On the Label: In a Machine Town Every Brand is Pendergast
By Bjorn Skaptason, Tom's Town Historian
KANSAS CITY, 1933: Identifying a product as Boss Tom’s is an exercise in frustration. The portfolio is, to say the least, opaque. While he put his name on a number of companies and products, he was also the man behind many other brands that are not usually associated with Boss Tom or the Goat Machine. The best guideline we can suggest would be simply to assume if something in Tom’s Town made money, the Boss got a taste.
It wasn’t enough that Tom ran T.J. Pendergast Wholesale Liquor. It wasn’t enough that all bars, clubs, saloons, dram shops, and liquor stores were required to accept and sell deliveries from Pendergast without question, or that those same establishments were compelled to host Machine-approved card games or slot machines. In many cases Tom actually owned an interest in his competition. If it seemed like Glendale Sales, Atlas Beverage, or Frazier Distilling were providing the neighborhood liquor merchant an alternative to the strong-arm marketing of T.J. Pendergast, such was not the case. Tom Pendergast was an un-named partner in all of these enterprises, so those stubborn souls who risked bucking the Machine still dropped coins in Tom’s bottomless coffers.
One of our favorite examples is a whiskey that goes all the way back to the Civil War, and was never distilled in Kansas City. Giant George Shawhan rode with Confederate raider John Hunt Morgan during the war of 61-65. The Yanks caught George on the wrong side of the Ohio River, and he spent a season starving in Chicago’s Camp Douglas prison.
Afterward George farmed long enough to realize that grains were more valuable in their liquid than solid forms, and he quickly developed one of Kentucky’s legendary bourbon labels. In 1872 George transplanted his operations to Lone Jack, MO., and gave a thirsty town the noble hundred-proof Lone Jack Straight Whiskey. A fire in 1900 spelled opportunity, and Big George moved his distillery to the sweet springs at Weston, and continued to sauce Kansas City on such brands as Shawhan Whiskey, Double Stamp, 1786 Shawhan Rye, Shawhan White Corn, and many others. George Shawhan retired in 1908 without, apparently, crossing paths with Boss Tom in any public way.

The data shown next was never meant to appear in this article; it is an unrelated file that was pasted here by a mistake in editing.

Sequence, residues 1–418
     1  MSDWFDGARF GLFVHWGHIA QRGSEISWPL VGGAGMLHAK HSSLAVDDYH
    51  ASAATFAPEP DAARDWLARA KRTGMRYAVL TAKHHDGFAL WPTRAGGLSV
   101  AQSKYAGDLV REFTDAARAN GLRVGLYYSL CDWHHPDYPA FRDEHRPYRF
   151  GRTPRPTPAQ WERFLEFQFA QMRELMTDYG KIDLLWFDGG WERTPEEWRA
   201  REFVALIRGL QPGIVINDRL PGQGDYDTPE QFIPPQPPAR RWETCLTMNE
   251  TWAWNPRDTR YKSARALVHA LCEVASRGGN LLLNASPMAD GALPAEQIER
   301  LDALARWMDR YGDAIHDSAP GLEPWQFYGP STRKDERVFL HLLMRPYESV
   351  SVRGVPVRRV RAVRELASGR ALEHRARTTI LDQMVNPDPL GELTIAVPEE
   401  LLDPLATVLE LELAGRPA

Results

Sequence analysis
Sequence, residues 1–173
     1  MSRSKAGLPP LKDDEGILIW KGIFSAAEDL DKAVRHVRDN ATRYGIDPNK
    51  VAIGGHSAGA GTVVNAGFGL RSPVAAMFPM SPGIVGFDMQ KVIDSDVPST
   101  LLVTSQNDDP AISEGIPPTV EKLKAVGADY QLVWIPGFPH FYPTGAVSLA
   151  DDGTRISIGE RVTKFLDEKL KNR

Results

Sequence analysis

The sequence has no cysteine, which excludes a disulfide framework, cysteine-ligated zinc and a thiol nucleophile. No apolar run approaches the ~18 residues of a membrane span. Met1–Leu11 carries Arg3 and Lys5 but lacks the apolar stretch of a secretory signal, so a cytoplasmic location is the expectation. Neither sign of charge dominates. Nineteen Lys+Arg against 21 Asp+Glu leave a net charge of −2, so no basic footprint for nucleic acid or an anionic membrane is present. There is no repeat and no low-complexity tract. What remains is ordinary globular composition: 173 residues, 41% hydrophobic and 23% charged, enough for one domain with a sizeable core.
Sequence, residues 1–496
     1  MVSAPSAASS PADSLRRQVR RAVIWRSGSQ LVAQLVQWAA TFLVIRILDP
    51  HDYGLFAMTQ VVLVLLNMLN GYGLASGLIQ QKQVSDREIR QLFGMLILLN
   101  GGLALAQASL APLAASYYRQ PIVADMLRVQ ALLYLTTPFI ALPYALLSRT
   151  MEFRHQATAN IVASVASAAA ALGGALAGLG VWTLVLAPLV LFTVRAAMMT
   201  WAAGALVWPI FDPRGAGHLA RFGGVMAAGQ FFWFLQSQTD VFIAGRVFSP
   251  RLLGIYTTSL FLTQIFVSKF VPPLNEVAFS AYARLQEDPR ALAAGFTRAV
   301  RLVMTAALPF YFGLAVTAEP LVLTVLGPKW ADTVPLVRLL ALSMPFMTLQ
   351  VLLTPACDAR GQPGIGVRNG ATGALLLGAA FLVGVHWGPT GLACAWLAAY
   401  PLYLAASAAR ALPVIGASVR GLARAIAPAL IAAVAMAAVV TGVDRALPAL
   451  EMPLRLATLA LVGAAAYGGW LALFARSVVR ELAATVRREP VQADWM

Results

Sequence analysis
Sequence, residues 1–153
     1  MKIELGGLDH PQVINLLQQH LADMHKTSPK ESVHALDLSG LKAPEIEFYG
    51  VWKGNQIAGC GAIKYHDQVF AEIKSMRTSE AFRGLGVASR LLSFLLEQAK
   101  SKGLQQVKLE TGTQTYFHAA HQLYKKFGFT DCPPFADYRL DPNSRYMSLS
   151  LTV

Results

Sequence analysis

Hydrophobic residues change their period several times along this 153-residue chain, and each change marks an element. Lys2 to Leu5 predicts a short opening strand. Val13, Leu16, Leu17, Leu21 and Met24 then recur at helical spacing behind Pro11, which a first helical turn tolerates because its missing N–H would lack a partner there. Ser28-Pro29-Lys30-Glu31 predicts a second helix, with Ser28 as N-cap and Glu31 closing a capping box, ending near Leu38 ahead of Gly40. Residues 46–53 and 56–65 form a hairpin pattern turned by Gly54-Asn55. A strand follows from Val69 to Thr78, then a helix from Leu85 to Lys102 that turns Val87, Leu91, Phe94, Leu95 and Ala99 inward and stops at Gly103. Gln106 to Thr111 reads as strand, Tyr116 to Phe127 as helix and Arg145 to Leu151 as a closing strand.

That grand old brand, however, continued to pass through eager hands, and the popular Shawhan Whiskey still appeared on shelves long after Prohibition. Who ultimately profited from a whiskey that outlived its distiller? One might as well ask why so many citizens continued to vote in Tom’s Town long after they relocated to area cemeteries.
George Shawhan produced one of the tastiest spirits in Kansas City, and Tom Pendergast continued to get a taste long after Giant George went to his reward.
Hat tip to Jack Sullivan at “Those Pre Pro-Wiskey Men" blog.